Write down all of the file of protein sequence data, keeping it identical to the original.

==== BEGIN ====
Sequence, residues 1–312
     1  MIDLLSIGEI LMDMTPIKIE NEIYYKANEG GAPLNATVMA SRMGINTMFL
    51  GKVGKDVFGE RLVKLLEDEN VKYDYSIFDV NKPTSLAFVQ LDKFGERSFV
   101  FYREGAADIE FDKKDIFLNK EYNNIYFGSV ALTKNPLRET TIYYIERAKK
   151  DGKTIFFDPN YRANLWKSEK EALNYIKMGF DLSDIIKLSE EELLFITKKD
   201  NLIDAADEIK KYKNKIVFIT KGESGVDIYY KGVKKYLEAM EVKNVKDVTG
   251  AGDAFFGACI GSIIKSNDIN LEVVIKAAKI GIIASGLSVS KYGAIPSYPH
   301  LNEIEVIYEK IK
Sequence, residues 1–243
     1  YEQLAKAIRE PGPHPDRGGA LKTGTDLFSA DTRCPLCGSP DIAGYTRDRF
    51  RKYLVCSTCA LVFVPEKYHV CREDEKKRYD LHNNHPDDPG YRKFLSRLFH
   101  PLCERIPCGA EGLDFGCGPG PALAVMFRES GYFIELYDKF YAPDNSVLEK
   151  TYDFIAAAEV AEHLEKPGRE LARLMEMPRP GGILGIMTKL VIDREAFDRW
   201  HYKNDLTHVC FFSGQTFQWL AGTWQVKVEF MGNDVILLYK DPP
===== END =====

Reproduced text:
Sequence, residues 1–312
     1  MIDLLSIGEI LMDMTPIKIE NEIYYKANEG GAPLNATVMA SRMGINTMFL
    51  GKVGKDVFGE RLVKLLEDEN VKYDYSIFDV NKPTSLAFVQ LDKFGERSFV
   101  FYREGAADIE FDKKDIFLNK EYNNIYFGSV ALTKNPLRET TIYYIERAKK
   151  DGKTIFFDPN YRANLWKSEK EALNYIKMGF DLSDIIKLSE EELLFITKKD
   201  NLIDAADEIK KYKNKIVFIT KGESGVDIYY KGVKKYLEAM EVKNVKDVTG
   251  AGDAFFGACI GSIIKSNDIN LEVVIKAAKI GIIASGLSVS KYGAIPSYPH
   301  LNEIEVIYEK IK
Sequence, residues 1–243
     1  YEQLAKAIRE PGPHPDRGGA LKTGTDLFSA DTRCPLCGSP DIAGYTRDRF
    51  RKYLVCSTCA LVFVPEKYHV CREDEKKRYD LHNNHPDDPG YRKFLSRLFH
   101  PLCERIPCGA EGLDFGCGPG PALAVMFRES GYFIELYDKF YAPDNSVLEK
   151  TYDFIAAAEV AEHLEKPGRE LARLMEMPRP GGILGIMTKL VIDREAFDRW
   201  HYKNDLTHVC FFSGQTFQWL AGTWQVKVEF MGNDVILLYK DPP